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Simulating Degraded Secondary Batteries with DCPower Supplies

How to Achieve Variable Internal Resistance Functionality Easily Using PBZ Series High-speed Bipolar Power Supplies

The stabilized DC power supplies sold by Kikusui Electronics are often compared with batteries. In the sense that direct current can be drawn from both, in terms of purely voltage or current, they are the same, but in fact there is a decisive difference. This difference relates to internal resistance values.

When used in constant voltage (CV / voltage priority) mode, stabilized DC power supplies attempt to maintain a constant voltage using their control circuitry, even if the current value changes depending on the load applied. This is not the case with batteries. With batteries, as current increases, output voltage falls according to the battery’s internal resistance value. In particular, in the case of secondary batteries where the battery has deteriorated due to repeated charging and discharging, internal resistance values rise, and this effect of voltage decrease also becomes greater. The fact that secondary batteries that are nearing the end of their useful service life become unusable (i.e. the output voltage falls) almost immediately, even after recharging, owes reasons such as this.

In recent times, there are numerous electrical products on the market that make use of secondary batteries, and we sometimes hear of client needs to check (i.e. during product testing) how products will behave when their batteries are nearing the end of their useful life. In other words, we are asked if there isn’t some way of simulating this current-dependent voltage drop with test-use power supplies.

One conceivable way of achieving this is to monitor the power supply’s current value using a computer, and create a program that feeds back voltage settings to the power supply according to the current value observed. But there is no denying that this feels like quite a bothersome approach.

Here, I will present an easy method for achieving variable internal resistance functionality with Kikusui Electronics PBZ Series high-speed bipolar power supplies, using standard functionality alone. What is more, the only other piece of equipment required is a single BNC-BNC cable.

The only preparation step is to connect the EXT SIG IN and I MON terminals on the front of the PBZ Series power supply directly to one another.

PBZ Series high-speed bipolar power supplies are equipped with EXT SIG IN (controls the output voltage based on external voltage input) and I MON (current monitor) terminals. These terminals are located on the front panel of the power supply. As a preparatory step, we connect these two terminals together using a BNC cable, as shown in Photograph 1. The only other thing remaining to do is to set the EXT SIG IN signal gain settings using the control panel.

Photograph 1

EXT SIG IN signal gain settings.

Next, we determine the gain value for when inputting I MON current monitor values (i.e. output current values) into the EXT SIG IN terminal. By setting minus gain for the EXT SIG IN terminal with respect to output current values, we can achieve a setup in which output voltage will fall as output current values increase. We calculate the appropriate gain setting value from the required internal resistance value, and set that internal resistance using gain setting. When using the EXT SIG IN terminal, it is necessary to make offset adjustments. Make offset adjustments at the maximum output current value using the FINE setting.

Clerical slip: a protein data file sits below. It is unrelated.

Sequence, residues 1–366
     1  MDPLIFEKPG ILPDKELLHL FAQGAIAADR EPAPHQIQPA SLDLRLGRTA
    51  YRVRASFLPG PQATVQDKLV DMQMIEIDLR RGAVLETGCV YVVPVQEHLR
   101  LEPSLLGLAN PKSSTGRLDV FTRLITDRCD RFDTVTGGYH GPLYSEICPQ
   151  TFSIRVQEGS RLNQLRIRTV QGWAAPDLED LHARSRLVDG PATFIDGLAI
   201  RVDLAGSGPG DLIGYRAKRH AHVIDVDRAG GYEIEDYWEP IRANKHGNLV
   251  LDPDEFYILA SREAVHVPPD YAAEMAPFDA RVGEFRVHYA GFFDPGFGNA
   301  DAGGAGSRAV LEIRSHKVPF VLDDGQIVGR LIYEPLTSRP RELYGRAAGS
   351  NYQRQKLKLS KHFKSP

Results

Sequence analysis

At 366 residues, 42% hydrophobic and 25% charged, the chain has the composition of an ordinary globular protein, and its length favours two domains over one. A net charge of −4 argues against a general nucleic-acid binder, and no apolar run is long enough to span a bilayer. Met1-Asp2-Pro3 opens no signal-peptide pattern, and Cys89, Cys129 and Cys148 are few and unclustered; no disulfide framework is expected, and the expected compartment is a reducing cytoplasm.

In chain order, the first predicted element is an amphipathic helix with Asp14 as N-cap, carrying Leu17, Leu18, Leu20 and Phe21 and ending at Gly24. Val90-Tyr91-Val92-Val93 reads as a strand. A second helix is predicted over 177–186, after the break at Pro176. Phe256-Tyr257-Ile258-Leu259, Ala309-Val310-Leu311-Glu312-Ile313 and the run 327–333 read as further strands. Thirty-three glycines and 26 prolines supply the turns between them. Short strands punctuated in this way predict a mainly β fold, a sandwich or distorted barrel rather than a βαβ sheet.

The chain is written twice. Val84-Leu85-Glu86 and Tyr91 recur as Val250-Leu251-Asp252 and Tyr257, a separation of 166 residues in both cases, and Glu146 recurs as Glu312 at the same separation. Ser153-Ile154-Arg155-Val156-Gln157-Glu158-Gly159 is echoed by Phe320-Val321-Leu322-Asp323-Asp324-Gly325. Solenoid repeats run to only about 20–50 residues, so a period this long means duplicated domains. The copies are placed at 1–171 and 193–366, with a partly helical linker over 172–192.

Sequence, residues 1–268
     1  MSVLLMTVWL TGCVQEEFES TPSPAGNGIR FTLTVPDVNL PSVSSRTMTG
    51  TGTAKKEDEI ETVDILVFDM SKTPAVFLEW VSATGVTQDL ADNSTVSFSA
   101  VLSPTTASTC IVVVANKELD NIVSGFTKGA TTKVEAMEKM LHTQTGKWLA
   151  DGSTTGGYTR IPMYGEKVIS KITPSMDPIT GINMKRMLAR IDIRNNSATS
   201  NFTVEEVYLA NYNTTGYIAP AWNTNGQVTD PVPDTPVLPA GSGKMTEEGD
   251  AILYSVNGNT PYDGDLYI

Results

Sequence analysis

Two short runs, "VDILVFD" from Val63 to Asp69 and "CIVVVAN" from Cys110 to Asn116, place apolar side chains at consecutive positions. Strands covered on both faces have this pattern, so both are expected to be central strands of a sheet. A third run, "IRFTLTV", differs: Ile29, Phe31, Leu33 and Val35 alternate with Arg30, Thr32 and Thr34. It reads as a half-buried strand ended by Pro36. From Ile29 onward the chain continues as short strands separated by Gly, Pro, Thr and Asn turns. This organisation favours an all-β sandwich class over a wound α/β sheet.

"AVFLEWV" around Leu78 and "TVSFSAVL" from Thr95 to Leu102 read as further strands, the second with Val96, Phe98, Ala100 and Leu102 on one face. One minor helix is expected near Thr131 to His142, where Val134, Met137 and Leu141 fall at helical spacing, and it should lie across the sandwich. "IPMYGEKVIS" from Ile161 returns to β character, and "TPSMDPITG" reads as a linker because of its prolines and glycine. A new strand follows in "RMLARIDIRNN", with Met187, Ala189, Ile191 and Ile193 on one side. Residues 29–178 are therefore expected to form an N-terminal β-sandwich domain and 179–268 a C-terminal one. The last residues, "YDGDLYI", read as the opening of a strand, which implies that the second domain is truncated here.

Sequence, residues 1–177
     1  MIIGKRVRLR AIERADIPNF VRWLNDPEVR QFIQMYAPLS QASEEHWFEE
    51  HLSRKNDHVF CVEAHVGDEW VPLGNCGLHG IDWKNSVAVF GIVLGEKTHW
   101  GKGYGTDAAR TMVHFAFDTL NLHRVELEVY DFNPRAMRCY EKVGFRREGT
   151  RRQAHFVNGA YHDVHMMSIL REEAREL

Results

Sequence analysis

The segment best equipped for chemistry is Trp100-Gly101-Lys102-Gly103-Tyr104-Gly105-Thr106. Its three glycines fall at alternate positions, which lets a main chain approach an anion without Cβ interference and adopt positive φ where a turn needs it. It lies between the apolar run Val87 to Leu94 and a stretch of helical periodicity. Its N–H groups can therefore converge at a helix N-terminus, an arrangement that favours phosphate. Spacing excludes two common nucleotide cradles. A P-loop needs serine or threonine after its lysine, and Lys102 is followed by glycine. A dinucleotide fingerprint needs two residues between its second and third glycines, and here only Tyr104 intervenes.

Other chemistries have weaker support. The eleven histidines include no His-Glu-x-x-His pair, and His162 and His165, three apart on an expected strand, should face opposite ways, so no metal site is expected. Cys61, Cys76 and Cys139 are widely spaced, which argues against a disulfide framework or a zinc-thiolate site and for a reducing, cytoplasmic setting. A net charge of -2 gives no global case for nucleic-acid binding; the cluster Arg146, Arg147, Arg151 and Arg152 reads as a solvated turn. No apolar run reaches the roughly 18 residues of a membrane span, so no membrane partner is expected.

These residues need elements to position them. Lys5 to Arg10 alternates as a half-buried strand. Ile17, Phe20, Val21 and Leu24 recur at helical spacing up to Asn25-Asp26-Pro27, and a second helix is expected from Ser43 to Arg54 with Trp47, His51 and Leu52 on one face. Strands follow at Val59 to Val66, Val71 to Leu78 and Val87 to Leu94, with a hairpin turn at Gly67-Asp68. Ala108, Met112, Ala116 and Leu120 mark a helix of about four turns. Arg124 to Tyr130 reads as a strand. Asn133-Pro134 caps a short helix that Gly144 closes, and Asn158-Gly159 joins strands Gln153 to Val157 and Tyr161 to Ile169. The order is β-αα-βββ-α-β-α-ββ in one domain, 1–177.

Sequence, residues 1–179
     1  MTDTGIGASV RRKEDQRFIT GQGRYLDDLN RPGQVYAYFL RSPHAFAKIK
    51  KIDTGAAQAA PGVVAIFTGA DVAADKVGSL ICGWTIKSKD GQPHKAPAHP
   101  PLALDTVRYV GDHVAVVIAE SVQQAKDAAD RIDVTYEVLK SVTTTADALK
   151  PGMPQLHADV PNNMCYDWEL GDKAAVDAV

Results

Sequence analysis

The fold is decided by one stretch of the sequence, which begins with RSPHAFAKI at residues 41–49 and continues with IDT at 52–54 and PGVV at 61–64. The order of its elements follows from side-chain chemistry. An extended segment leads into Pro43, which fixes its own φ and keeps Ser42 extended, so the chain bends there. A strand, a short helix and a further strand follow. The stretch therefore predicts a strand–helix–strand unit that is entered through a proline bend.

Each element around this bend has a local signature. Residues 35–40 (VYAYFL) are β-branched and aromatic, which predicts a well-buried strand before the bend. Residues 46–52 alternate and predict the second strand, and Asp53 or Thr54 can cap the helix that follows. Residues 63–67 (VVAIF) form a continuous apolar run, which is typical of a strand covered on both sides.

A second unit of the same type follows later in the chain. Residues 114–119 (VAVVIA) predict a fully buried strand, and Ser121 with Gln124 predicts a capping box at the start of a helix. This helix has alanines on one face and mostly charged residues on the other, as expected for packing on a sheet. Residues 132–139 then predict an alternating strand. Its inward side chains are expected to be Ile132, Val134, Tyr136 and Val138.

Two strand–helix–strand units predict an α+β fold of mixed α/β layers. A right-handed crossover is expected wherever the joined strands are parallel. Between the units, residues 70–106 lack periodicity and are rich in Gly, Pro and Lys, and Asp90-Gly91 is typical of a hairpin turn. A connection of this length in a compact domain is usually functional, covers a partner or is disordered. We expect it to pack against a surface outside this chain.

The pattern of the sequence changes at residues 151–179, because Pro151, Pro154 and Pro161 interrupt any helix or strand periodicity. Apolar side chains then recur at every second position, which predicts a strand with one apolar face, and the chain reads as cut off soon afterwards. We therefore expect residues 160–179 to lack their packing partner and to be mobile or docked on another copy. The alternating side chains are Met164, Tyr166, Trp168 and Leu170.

• Settings
    <Panel settings>
    Output voltage setting: DC setting
    Offset setting: FINE setting
    <CONFIG settings>
    SIGNAL SOURCE setting: as in Photograph 2
    SELECT: ADD → Add internal signal source and EXT SIG IN signal
    EXT, SELECT: BNC → Select EXT SIG IN terminal
    EXT, GAIN: - oo.o → Gain setting (internal resistance value setting)

  • Formula for calculating gain setting value from internal resistance value
    G = - (R×I)/2
    G: gain setting value, R: internal resistance, I: rated current, 2: I MON output voltage
Photograph 2

Function testing.

Below is an actual example in which variable internal resistance setting was carried out using a PBZ20-20 power supply (Figure 1 and Figure 2).

Figure 1. I-V characteristics
  • Offset adjustment has been made at a maximum output current of 10A. The adjustment was made such that at output current 10A an output voltage of 10V is produced (from the formula: output voltage = maximum voltage 20V - (internal resistance 1Ω × output current 10A)). The Adjustment voltage is 0.183V (made using the FINE setting).
Figure 2. Output voltage response characteristics
  • Waveform measurement conditions (equipment and settings, etc.)
    Use a PBZ20-20 front panel binding post (as with voltage waveform measurement).
    Current waveform measurement current probe: TCP202
    Electronic load device PLZ1004W settings: waveform setting 0-10A / 1kHz square wave D=50%, slew rate setting: 1.6A/us (M range)
    Wire/cable length: approximately 3m

In this way, simply by connecting the PBZ Series power supply’s I MON and EXT SIG IN terminals together with a BNC cable, we can set an internal resistance value using the EXT SIG IN signal gain settings, and achieve variable internal resistance functionality easily.

However, please do be aware that setting resolution for internal resistance values is dependent on the gain setting resolution (as shown in Figure 3).


Setting resolution (Ω)









Figure 3. Internal resistance setting resolution

Koichi Ito
Chief Engineer, SE Section, Solution Business Promotion Department

[Major achievements in product development]
The PAT-T Series DC stabilized power supplies

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